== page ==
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UCLA study finds possible link between HIV risk and gut microbiome composition

Nikole Liang/Daily Bruin

By Caroline Sha

Nov. 27, 2022 5:26 p.m.

This post was updated Dec. 1 at 12:24 a.m.

A UCLA Health study found that certain types of bacteria in the gut microbiome could increase the risk of HIV.

While there are other studies which have found gut microbiome changes in those diagnosed with HIV, the majority of such studies do not follow participants over time, said Dr. Jennifer Fulcher, first author of the September study. This could prevent researchers from accounting for factors outside of HIV that could affect the microbiome, she added.

The gut microbiome is a group of microorganisms, such as bacteria and fungi, within the human digestive system, according to the Harvard School of Public Health. The makeup of the microbiome is affected by both environmental and genetic factors, and microbiome imbalance has been linked to many human diseases, such as Parkinson’s Disease, according to a study from Nature Scientific Reports.

The UCLA researchers used samples other studies had gathered over time from men who have sex with men, according to the study. In the United States, this population is the most affected by HIV, according to the CDC.

Fulcher, who is an assistant professor in the Division of Infectious Diseases of the Department of Medicine at the David Geffen School of Medicine, said the study found there was a difference in the pre-infection microbiomes of the experimental group that later acquired HIV and the control group, which did not.

This included changes in amounts of certain bacterial species, such as those from the Bacteroides group, according to the study. Many bacteria from this group are linked to parts of the immune system that prevent inflammation, which means decreased levels of these microorganisms could lead to chronic gut inflammation and increased HIV susceptibility according to the study.

However, the researchers did not find much difference before and after infection in the microbiomes of those who acquired HIV, Fulcher said. She added that this could be due to the fact that the samples they used were only collected up to a year after infection, which is early when considering the lifelong course of HIV infection.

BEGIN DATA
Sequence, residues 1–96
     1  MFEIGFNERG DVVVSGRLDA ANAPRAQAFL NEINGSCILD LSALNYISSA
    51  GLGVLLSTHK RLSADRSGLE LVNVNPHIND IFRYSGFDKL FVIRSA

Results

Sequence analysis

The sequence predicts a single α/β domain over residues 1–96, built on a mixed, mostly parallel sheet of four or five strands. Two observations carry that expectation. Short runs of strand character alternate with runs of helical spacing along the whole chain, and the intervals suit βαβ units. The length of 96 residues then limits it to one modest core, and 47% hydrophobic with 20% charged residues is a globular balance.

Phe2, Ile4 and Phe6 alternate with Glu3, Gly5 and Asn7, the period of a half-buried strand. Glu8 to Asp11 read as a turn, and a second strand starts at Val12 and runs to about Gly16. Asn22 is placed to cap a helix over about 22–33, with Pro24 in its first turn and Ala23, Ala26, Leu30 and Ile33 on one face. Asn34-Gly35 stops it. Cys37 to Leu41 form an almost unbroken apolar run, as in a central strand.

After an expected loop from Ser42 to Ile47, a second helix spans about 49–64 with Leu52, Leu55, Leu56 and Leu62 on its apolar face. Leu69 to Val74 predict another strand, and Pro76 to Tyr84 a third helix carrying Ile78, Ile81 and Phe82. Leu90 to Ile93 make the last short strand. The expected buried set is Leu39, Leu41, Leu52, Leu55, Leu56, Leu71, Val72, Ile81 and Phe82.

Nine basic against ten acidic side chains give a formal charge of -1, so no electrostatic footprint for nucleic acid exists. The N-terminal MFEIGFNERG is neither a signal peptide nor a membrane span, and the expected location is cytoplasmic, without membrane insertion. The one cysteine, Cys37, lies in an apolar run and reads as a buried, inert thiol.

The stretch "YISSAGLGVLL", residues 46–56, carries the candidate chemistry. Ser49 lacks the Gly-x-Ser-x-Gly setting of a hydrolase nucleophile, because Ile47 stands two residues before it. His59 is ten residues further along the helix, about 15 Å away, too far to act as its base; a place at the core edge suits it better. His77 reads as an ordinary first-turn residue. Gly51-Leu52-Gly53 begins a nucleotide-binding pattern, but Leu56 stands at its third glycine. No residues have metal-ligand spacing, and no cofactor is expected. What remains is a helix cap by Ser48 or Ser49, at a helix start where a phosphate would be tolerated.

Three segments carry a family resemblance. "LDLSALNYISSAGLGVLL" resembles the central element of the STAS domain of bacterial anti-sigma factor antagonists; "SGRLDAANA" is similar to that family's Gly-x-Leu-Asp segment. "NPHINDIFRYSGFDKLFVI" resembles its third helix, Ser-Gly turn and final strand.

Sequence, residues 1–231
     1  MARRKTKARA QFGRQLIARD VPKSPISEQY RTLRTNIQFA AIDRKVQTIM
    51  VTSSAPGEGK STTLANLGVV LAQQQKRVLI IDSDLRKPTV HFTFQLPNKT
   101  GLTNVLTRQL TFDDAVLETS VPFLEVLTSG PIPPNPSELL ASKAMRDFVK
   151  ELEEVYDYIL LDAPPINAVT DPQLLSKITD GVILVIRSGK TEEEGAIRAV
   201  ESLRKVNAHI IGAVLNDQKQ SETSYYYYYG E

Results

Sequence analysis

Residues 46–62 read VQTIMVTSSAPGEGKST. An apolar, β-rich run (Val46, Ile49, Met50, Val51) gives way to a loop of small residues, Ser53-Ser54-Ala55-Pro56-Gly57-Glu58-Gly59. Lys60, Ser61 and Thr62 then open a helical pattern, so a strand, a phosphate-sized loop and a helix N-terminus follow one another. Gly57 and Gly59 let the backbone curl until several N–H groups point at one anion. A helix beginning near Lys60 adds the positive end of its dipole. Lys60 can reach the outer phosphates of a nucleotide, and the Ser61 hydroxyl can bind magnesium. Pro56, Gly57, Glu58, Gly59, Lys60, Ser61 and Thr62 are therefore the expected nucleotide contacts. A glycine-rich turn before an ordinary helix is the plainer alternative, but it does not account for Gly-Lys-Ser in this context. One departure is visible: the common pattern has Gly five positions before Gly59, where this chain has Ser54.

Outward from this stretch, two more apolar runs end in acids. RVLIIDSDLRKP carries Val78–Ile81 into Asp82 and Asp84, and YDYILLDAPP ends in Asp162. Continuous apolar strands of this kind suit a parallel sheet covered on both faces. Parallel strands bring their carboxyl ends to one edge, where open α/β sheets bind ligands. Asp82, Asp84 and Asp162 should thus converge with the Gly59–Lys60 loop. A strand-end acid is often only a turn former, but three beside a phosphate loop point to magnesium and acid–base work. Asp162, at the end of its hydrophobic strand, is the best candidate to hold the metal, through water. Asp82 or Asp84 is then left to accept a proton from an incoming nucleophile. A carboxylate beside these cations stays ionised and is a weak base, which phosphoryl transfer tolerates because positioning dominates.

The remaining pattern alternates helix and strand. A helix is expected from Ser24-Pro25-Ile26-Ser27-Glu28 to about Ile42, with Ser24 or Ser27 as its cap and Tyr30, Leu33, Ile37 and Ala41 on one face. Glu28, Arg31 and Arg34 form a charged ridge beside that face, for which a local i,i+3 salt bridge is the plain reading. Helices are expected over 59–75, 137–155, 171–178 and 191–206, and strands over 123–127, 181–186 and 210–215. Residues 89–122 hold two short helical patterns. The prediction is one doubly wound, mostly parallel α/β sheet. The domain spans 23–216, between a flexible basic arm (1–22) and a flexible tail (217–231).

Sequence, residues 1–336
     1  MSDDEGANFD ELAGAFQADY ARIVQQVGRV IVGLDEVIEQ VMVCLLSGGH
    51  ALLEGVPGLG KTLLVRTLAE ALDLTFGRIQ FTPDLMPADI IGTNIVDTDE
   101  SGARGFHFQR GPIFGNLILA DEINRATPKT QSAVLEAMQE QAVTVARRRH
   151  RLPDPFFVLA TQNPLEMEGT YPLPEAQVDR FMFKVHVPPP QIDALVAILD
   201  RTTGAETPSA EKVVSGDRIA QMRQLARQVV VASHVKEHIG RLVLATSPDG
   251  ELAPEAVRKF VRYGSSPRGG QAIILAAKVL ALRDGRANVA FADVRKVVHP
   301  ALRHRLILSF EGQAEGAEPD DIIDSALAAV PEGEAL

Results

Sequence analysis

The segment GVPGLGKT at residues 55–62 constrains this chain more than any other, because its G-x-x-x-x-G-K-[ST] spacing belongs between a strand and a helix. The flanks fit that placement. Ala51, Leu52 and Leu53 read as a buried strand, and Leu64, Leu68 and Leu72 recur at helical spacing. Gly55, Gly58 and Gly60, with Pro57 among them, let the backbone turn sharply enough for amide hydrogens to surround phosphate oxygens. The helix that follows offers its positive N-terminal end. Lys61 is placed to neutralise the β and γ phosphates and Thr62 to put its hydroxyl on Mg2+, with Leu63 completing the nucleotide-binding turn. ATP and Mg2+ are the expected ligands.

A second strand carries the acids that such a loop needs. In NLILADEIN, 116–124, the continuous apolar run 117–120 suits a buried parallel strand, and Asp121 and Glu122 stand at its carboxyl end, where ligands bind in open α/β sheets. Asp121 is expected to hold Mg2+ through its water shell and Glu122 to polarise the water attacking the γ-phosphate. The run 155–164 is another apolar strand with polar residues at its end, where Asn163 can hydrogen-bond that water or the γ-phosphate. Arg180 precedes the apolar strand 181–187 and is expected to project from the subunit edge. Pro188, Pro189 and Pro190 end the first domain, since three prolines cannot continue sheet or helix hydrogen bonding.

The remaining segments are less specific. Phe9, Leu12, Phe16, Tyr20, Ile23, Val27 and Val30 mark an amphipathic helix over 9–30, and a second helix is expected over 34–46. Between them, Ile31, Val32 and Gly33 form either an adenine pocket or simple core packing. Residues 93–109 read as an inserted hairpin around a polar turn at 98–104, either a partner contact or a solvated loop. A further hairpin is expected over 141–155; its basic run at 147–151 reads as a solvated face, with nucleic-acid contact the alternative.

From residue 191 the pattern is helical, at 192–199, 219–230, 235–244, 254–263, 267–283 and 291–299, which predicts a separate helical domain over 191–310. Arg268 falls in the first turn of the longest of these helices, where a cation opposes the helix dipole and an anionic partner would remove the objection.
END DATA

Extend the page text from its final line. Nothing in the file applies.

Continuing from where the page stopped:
It is difficult to acquire data about how HIV affects bodily systems in the long term because those diagnosed with HIV usually start treatment immediately, said Theodoros Kelesidis, an associate professor in the infectious diseases division at the School of Medicine.

Another major limitation of the study was the number of participants, which is a common issue in the field of HIV research, said Grace Aldrovandi, co-author of the study and chief of the Division of Infectious Diseases at UCLA Mattel Children’s Hospital. She added that the study only collected data about men, though women can also get HIV, and certain samples came from people who used drugs that could have also affected their microbiome composition.

However, the participants in the study were racially diverse, Fulcher said, adding that many of the participants identified as racial and ethnic minorities, which are vulnerable populations in regard to HIV infection.

Studies regarding HIV can overrepresent certain populations since vulnerable groups may have less access to care and research facilities, Kelesidis said.

More data is needed to understand the connection between the microbiome and HIV, Fulcher said. Because the study results may not be generalizable to all people, Fulcher said she would like to see research on samples from people of multiple geographic locations and sexes.

Aldrovandi said she hopes to see new studies that propose and test interventions using the results from their study.

“I don’t think we’re at that point (of creating prevention measures) now with the data that we have, but it’s the first step of a long journey or hopefully not too long a journey,” Aldrovandi said.

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Caroline Sha
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